Francesco Molinari remembers a sense of calm washing over him as he lined up a 5-foot putt to win the 2016 Italian Open.
“It was a strange feeling,” he said. “It never really went through my mind that I could miss that putt.”
Molinari stepped up and stroked the ball into the hole for a closing round of 65, 22 under for the tournament, to beat the Masters champion Danny Willett by one shot. He lifted his arms in celebration and became the first Italian to win his national Open twice since the event became part of the European Tour in 1972.
Victory in front of an adoring crowd was the perfect boost for a golfing nation that is already prepping to host the 2022 Ryder Cup in Rome. Molinari, 34, and his older brother, Edoardo, have been Italy’s unofficial golf ambassadors for more than a decade in a country where golf is still viewed as an elitist diversion.
“It’s pretty hard to change the culture of a nation,” Francesco said, “but golf’s getting more popular.”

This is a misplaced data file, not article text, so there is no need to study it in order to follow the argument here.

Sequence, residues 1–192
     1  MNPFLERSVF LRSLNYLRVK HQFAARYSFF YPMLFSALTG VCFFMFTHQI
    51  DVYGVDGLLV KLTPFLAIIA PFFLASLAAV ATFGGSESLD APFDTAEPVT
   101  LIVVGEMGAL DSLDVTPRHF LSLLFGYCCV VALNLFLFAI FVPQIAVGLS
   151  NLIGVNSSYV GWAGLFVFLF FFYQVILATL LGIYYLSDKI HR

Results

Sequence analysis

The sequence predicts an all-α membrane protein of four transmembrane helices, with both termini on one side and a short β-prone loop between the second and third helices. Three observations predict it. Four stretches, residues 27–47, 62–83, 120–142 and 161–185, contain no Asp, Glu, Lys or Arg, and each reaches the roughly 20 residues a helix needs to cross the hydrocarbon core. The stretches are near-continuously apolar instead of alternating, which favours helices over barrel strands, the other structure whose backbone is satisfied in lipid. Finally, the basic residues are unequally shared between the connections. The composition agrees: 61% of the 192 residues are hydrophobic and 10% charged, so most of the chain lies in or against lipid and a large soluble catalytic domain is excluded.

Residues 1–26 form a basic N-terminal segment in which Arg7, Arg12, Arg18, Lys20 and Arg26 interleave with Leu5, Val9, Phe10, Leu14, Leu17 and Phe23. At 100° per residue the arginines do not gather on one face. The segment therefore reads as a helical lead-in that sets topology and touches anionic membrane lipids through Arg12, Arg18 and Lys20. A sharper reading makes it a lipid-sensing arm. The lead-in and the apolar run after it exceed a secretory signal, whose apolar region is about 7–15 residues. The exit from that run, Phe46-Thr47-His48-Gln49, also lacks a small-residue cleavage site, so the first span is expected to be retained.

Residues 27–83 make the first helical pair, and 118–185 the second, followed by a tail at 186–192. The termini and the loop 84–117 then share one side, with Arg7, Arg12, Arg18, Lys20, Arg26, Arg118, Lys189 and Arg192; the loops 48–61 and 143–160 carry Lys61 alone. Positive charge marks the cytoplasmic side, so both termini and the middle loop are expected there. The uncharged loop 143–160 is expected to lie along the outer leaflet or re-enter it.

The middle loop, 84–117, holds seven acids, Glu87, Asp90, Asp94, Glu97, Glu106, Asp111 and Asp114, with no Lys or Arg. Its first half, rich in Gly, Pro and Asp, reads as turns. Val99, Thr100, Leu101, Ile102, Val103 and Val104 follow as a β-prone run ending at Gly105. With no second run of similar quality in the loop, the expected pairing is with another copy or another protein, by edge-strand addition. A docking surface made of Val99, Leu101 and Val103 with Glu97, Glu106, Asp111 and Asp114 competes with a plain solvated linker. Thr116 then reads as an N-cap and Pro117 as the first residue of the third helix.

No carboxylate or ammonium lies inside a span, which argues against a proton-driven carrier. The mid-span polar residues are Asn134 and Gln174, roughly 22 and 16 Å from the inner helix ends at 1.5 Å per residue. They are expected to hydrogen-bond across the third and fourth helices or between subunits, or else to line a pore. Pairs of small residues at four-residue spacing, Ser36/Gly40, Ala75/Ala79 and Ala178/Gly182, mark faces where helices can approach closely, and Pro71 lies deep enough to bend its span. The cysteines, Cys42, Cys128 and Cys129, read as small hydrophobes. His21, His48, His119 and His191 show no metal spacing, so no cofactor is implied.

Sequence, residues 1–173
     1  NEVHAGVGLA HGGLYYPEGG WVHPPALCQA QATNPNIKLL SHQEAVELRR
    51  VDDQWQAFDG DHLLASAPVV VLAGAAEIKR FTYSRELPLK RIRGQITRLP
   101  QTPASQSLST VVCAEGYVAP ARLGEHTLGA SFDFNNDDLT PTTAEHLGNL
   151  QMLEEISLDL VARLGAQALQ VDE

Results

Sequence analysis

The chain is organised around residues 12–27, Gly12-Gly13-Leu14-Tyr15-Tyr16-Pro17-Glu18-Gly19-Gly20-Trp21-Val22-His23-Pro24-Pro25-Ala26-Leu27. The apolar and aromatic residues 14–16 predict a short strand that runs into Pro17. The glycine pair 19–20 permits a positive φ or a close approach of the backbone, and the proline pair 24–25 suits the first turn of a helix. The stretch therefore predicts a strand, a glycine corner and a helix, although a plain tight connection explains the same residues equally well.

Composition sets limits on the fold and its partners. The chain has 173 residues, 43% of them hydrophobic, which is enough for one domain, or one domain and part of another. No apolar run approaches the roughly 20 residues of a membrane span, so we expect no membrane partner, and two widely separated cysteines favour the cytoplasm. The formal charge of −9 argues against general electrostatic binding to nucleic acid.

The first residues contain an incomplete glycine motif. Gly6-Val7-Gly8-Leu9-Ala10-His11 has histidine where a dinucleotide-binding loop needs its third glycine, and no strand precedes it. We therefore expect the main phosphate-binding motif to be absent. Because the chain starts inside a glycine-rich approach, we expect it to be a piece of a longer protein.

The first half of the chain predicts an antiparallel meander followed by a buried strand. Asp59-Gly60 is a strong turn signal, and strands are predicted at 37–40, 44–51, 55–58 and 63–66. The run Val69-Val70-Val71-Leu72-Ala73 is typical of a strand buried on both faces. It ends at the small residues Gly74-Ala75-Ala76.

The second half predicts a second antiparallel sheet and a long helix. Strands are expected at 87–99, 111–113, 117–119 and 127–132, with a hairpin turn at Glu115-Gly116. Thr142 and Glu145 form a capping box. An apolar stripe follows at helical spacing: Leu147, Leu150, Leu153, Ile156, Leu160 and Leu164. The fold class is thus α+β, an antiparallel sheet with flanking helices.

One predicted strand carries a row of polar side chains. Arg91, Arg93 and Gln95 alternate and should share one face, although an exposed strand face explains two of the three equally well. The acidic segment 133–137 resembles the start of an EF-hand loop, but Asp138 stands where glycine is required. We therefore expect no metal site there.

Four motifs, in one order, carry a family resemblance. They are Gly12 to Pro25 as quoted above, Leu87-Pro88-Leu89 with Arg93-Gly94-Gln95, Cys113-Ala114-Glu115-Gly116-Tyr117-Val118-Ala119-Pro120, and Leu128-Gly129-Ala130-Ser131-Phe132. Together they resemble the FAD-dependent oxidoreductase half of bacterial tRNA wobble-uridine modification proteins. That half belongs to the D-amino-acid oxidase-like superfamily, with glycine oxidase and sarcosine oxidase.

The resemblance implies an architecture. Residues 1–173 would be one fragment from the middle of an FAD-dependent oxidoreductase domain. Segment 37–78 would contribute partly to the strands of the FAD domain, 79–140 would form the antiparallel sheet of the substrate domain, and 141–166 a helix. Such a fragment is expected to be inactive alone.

There are more than 90,000 registered golfers in Italy according to the Italian Golf Federation. The Molinari brothers were exposed to the game at a young age, trailing after their grandparents and parents — their father is a dentist, and their mother is a homemaker — on weekend trips to the course in the Alp-fringed city of Turin, host of the 2006 Winter Olympics. (Francesco even carried the Olympic torch for a stretch.)
The brothers, born 21 months apart, have been feeding off each other’s games ever since they dominated their local club championships at the Circolo Golf Torino as teenagers.
Edoardo won the 2005 U.S. Amateur Championship, the first European to do so since 1911. Francesco picked up his maiden professional victory when he won the Italian Open in 2006, becoming the first native-born champion since 1980.
“Whenever one succeeds, the other is quick to top him,” said Denis Pugh, who began coaching the brothers in 2002 and has instructed Francesco ever since.
“It’s a rivalry in a good sense, in a good way,” Edoardo said.